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TERI Database

Research Idea Details

ID

1155

Title

Research Roadmap for Environmental Effects of Roadway Lighting on Fauna and Flora

Focus Area

Wildlife & Ecosystems

Status

Current

Cost

$500,000-750,000

Timeframe

2-3 years

Research Idea Scope

BACKGROUND There is a need to investigate the effects of artificial light on a growing list of bats, birds, insects, fish, and other members of the environmental community which may derive adverse consequences from poorly or even well-designed roadway lighting. Transportation agencies are facing growing opposition to the use of nighttime lighting as a countermeasure to improve roadway safety from environmentalist concerned with potential consequences to the environment. Roadway lighting has been shown to measurably reduce nighttime fatal crashes in areas where it has been implemented. However, roadway lighting can have a negative effect on certain species of insects and animals through attraction and disorientation or by disrupting their natural habitats. Sea turtle hatchlings are an example of being drawn to peril by the presence of artificial light at night. They can be confused by outdoor lighting instead of instinctively navigating by moonlight safely to the ocean from their nests. The scope is not entirely defined in terms of the number of individual species of fauna and flora which may be adversely impacted. Also unclear is the means by which any adverse effects can be resolved. Some have proposed that outdoor lighting should be completely banned from sensitive areas where species could be potentially harmed. Some evidence would suggest that light sources are acceptable in areas of concern (i.e., road through nature preserves) as long as the blue content of the light spectra is minimized or eliminated. This however may not be true in all cases and is not sufficiently quantified for practitioners engaged in lighting design. Before millions of roadway luminaires are converted to the new technology of LED there needs to be a better understanding of what light level and spectrum can be installed in potentially sensitive locations which will do no harm. This effort is fundamental in safeguarding natural ecosystems and being responsible citizens of the environment. A research roadmap is intended to establish the basis for informed decisions by lighting designers with the support of biologists and environmental researchers. RESEARCH OBJECTIVE The objective of this research is to develop a Research Roadmap addressing the policy, planning, and implementation issues facing federal, state, and local transportation agencies currently engaged in the conflict between nighttime lighting’s positive effect on roadway safety and negative effect on the environment. The roadmap should consider the scope and magnitude by which outdoor lighting in general and roadway lighting more specifically influences species of plants and animals in an adverse manner (i.e., sea turtles) and propose solutions to mitigate these impacts. This roadmap will also serve to inform the work of researchers currently working independently by bringing together both biologists and lighting specialists to pioneer solutions. IMPLEMENTATION CONSIDERATIONS AND SUPPORTERS Luszcz, Mark, Delaware DOT, AASHTO Tech Committee on Roadway Lighting, Chairman PROBLEM STATEMENT AUTHOR(S) Seppelt, Mark, Illinois DOT, AASHTO Tech Committee on Roadway Lighting, Panel Member OTHERS SUPPORTING THE PROBLEM STATEMENT AASHTO Technical Committee on Roadway Lighting, Luszcz, Mark, Delaware DOT 302-659-4062 Mark.Luszcz@state.de.us POTENTIAL PANEL MEMBERS Zarling, Susan, Minnesota DOT, AASHTO Tech Committee on Roadway Lighting, Panel Member St. Clair, Daryl, Pennsylvania DOT, AASHTO Tech Committee on Roadway Lighting, Panel Member Bosin, Anna, Alaska DOT, AASHTO Research Advisory Committee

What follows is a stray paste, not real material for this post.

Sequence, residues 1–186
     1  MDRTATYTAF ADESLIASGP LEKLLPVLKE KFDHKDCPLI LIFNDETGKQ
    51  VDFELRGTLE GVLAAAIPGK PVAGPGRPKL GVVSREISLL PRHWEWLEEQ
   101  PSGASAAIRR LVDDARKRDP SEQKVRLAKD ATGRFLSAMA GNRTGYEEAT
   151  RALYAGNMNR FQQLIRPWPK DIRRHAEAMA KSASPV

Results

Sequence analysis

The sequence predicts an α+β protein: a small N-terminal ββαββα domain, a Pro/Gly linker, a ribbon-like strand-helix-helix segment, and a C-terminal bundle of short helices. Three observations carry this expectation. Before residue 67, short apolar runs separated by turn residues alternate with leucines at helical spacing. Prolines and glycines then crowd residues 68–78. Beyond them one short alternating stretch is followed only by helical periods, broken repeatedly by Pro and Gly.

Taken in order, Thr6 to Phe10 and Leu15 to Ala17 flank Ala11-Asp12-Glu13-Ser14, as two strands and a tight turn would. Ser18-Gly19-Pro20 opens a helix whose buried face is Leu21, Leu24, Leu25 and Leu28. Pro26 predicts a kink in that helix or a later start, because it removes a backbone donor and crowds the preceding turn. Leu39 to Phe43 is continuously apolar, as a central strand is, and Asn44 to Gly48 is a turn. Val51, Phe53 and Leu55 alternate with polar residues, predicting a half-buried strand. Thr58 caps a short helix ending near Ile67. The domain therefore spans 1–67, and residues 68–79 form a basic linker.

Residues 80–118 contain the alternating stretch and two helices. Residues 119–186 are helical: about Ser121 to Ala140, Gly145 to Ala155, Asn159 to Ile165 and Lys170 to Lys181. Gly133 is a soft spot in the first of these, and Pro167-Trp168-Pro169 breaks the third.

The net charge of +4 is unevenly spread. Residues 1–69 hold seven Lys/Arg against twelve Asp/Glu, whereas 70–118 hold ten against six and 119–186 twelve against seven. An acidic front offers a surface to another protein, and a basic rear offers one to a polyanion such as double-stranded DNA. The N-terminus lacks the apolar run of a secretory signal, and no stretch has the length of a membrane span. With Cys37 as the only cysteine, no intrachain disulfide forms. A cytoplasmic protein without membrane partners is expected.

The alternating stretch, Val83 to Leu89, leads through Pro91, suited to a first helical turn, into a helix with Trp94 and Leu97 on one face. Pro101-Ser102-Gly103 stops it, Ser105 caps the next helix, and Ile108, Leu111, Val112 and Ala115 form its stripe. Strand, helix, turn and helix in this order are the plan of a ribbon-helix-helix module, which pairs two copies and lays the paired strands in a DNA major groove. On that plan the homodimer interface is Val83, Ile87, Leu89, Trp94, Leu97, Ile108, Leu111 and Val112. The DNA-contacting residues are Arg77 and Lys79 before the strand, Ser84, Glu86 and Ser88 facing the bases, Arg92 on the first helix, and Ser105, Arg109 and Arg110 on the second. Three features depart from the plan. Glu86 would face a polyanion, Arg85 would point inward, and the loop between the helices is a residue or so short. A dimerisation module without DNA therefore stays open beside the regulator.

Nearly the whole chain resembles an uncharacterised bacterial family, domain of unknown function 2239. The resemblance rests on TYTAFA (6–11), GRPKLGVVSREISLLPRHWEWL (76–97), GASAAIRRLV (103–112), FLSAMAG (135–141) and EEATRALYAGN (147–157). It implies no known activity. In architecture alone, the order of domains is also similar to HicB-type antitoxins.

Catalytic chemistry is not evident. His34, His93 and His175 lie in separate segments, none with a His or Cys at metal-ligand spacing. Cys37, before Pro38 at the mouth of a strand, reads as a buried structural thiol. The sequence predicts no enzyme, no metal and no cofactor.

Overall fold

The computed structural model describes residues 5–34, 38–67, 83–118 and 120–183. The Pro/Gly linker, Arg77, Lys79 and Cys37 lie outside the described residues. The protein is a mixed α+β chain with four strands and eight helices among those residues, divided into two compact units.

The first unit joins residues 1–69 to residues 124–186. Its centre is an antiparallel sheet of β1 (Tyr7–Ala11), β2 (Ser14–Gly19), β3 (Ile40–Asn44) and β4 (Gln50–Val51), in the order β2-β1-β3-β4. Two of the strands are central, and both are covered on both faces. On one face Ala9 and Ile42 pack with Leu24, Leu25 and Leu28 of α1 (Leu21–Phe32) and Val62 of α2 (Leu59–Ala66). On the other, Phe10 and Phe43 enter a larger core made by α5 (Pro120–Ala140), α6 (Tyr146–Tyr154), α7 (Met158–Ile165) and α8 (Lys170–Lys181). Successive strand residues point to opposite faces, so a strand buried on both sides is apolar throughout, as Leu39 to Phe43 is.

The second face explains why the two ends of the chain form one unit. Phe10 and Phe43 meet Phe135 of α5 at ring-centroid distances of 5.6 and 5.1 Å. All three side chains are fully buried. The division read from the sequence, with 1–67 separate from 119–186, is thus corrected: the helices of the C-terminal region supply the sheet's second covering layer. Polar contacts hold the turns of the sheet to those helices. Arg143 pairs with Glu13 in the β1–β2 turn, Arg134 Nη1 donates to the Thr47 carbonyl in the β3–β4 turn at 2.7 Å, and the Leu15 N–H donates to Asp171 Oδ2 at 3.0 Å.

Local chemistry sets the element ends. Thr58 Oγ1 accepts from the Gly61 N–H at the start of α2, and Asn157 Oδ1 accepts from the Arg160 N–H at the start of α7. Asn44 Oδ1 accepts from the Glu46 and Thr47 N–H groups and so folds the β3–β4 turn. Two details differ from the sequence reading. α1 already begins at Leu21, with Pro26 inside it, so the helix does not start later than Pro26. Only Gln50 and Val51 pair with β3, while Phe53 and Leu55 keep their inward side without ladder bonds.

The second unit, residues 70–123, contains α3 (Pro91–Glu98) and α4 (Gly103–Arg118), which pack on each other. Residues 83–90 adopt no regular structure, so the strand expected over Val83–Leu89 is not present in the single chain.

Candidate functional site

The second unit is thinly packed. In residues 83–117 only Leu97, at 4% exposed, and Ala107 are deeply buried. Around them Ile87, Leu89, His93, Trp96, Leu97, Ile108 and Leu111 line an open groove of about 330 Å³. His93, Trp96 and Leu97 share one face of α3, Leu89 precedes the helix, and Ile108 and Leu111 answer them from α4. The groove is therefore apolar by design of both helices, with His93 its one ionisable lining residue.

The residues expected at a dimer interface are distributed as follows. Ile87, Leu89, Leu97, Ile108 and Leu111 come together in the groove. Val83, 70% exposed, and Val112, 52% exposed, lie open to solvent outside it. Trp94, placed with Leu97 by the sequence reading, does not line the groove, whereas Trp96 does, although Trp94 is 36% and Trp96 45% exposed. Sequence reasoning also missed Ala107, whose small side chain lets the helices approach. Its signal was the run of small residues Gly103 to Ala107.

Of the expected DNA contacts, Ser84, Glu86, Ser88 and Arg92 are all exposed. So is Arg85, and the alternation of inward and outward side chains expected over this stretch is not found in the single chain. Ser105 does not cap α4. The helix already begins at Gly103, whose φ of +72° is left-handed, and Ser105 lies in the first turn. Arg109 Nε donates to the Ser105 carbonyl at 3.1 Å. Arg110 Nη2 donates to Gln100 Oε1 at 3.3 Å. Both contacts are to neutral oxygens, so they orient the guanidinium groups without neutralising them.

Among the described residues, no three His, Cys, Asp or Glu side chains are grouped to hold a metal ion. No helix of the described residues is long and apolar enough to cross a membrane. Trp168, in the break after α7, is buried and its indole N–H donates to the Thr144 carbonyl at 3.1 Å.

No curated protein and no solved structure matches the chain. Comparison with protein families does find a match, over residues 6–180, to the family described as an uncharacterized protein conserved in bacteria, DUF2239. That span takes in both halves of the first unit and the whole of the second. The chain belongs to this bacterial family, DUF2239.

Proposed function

Urgency and Payoff

URGENCY AND POTENTIAL BENEFITS The magnitude of potential impact must be determined before incorrect lighting designs are deployed in a nonrecoverable fashion. Currently DOTs around the country are converting high pressure sodium (HPS) luminaires to light emitting diode (LED) roadway fixtures as HPS is no longer supported by most fixture manufacturers. The correlated color temperature differs between these two light sources and can differ among LED luminaires depending on which LED is selected. Likewise, the spectrum can vary in blue light content depending on the specific LED fixture selected. A proper understanding of the impacts of LED roadway lighting on fauna and flora can prevent a large deployment of fixtures throughout the country that are not optimally tuned to the needs of the environment.

Suggested By

Mark Seppelt Wi-Skies LLC (former Illinois DOT)
mark@wi-skies.com

Posting Date

May 27, 2020

New - items posted in the last 7 days (30 days for TERI)

AASHTO (American Association of State Highway and Transportation Officials)
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